Postpartum depression doesn’t always look the same. It is not only unique to the person, but it is also unique to each pregnancy. I feel that is the problem with the little checklist that you usually get at the hospital after you give birth.
According to the CDC, research from the Pregnancy Risk Assessment Monitoring System (PRAMS) “shows that nationally, about 1 in 9 women experience symptoms of postpartum depression,” but it varies by state, race, and ethnicity.
I personally have suffered through postpartum depression twice in my life. It happened with my last 2 children. I can tell you that for me it was nothing like in the movies. Not when it came to how I felt. And not when it came to how I was treated when I went to get help.
Even though I have gone through PPD twice I can easily say:
- I have never not wanted to be near my children.
- The thought of hurting my children or myself never crossed my mind.
- I never felt like I was not bonding with any of my children.
- I wasn’t panicked or scared.
- The only time I withdrew from family members was if they didn’t want me at the hospital with my child.
That is the thing. Most new moms Google postpartum depression and get a list of symptoms they do not have. Then they just think, “Oh, nothing is wrong with me. I just need to get over it.” They don’t realize something is actually wrong, that they need help, and that that is ok.
Florida Health says that “Postpartum depression falls in the middle of these two mood disorders, affecting 10% to 20% of new mothers”.
I feel this number is probably higher, but some moms don’t even know they have it or are too embarrassed or ashamed to get help. I wish I could tell every single mom that it is ok to have PPD and that it is ok to need professional help. That doesn’t make you any less of a mom.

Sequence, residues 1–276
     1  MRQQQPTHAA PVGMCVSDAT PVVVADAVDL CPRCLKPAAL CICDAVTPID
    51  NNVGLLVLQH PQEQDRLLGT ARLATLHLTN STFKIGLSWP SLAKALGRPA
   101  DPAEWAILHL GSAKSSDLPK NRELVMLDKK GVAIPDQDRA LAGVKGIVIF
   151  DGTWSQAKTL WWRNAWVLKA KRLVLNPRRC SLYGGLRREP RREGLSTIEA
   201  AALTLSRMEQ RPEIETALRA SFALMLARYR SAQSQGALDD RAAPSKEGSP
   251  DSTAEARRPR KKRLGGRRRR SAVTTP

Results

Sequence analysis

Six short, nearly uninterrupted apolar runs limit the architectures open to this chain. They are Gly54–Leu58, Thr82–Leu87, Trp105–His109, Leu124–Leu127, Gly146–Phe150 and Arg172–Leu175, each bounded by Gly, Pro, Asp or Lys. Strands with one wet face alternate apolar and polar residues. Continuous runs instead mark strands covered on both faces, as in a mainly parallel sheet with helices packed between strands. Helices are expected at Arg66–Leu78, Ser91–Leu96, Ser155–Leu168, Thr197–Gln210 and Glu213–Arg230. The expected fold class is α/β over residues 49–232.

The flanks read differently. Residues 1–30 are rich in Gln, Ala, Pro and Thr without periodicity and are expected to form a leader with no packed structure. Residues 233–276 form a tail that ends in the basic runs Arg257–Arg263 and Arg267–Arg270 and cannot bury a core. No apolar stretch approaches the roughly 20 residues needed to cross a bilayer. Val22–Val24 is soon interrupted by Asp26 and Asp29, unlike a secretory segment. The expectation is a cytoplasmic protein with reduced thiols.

I know I can’t, but maybe sharing my story can help someone get the help they need to feel their best.
The First Time
I would never have guessed I was going through postpartum depression. Thankfully, the NICU staff at the hospital did notice. They referred me to the mental health division of the hospital. I was just told by the social worker, “Hey, I made this appointment for you. It is across the street. You will benefit a lot from this. Please make sure to go.”
I went to the appointment and to the follow-up. There I was told one day, “Hey, just so you know you have postpartum depression. But it is super common for moms that have gone through such a traumatic situation.” Funny enough, my answer to her was, “What traumatic situation? I haven’t gone through anything.” Mind you at this point my son had already been in the hospital for 1 month and had many more to go. He had almost died on me twice, was baptized, had had 5 blood transfusions, and 2 surgeries including getting a staple in his heart.
The Second Time Around
No one could tell that I had PPD but after 1 month I could feel it. I filled out the PRAMS and the hospital looked it over. Everyone thought I had everything together and was handling everything perfectly. My daughter stayed in NICU for 2 weeks and I looked like one of the most put-together moms, emotionally.
With her, I went through almost 8 months trying to get help for how I felt. I spoke to my primary, to friends, to my insurance multiple times, and Googled. I even called almost every doctor on the insurance list to get an appointment for help. Every single time I was told, “Sorry, but we won’t have an appointment for 6 months.”
The only appointment I finally got within a month of when I called I ended up almost running out of.
Because I was told to wait for 4 hours, even though I was 10 minutes early for my appointment, with my 4-month-old preemie daughter in a waiting room with people talking to themselves, screaming, and threatening other patients and the staff. From my previous experience, I knew this was not ok.
Funny enough, I finally got the help I needed at last year’s Bloom event. There I saw the nurse manager that took care of my daughter. She was so amazing to me that when she hugged me and asked me how I was doing I just burst into tears and told her everything. She immediately took me to a doctor that was also at the event and told her how I was feeling. This doctor was working on a PPD program at Mercy hospital. She and her staff fought with my insurance until I was accepted into the program and received the help I needed.
To this day I can’t thank all of them enough for everything they did for me.